Tuesday 1 September 2015


Final weekend in Skipton (launderette visit today) meant a final visit to the folk club last night. One of my favourite musicians there is Julian, who mostly plays his accordion, either on its own or using it to accompany his lovely, rich voice.

Last night he played a beautiful air by Johnny Cunningham, and a couple of tunes by his brother Phil, breaking into something really fast to finish. It was the Johnny Cunningham piece that got me thinking about trying it on my own accordion. I've found it on Spotify, so I'll need to get some manuscript paper from Smith's – I find transcribing is a good first step when learning a tune like this.

There were just over half a dozen singers last night, so we got to do four songs each, two in each half. For my second two I decided to play two completely contrasting songs. The first was a blues by James Taylor, "A tree grows in my backyard" – about as blue as he got, and pretty depressing, unless you like fancy fingerwork. I followed it, as complete contrast and antidote, with Stuart Townend's version of the 23rd Psalm – "The Lord's my Shepherd". After all, the psalms in the Bible are among some of the oldest songs known to us, and I reckon the majority would pass any test for what constitutes a folk song.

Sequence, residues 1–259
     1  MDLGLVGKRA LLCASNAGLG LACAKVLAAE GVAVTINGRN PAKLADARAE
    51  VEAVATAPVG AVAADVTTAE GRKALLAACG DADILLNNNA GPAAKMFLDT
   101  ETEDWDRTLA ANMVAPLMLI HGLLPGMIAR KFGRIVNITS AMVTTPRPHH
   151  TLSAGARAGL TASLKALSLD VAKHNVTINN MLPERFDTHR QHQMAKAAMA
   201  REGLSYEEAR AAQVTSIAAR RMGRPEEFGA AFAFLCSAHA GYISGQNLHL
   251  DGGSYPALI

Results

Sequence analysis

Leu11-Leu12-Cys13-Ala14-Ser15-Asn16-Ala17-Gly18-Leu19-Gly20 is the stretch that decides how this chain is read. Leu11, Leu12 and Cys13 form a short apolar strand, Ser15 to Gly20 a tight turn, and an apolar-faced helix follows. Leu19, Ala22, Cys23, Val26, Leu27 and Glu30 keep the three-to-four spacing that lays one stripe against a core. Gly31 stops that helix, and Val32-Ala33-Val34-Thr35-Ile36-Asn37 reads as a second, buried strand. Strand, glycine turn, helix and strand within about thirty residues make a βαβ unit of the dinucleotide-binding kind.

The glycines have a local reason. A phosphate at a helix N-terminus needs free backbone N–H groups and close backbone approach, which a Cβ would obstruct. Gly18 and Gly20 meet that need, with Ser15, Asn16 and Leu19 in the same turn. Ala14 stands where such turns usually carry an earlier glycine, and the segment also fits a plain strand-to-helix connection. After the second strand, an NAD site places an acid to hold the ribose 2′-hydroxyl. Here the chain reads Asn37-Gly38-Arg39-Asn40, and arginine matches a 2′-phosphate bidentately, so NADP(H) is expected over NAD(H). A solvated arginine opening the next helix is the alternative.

The audience probably hadn't heard a psalm in the club before! They were generally very appreciative, and Julian commented particularly on it afterwards. But pity the guy who had to follow! He has a great voice and sings unaccompanied, often something a bit bawdy, which might have been difficult! So he chose to start with "Martin said to his man" or "Who's the fool now?" which is a ditty mainly about the foolish things you imagine when you're drunk. It's well known, and everyone joined in – a good choice.

So that's the end of our happy association with the Skipton Folk. It's been one of the highlights of our time here.


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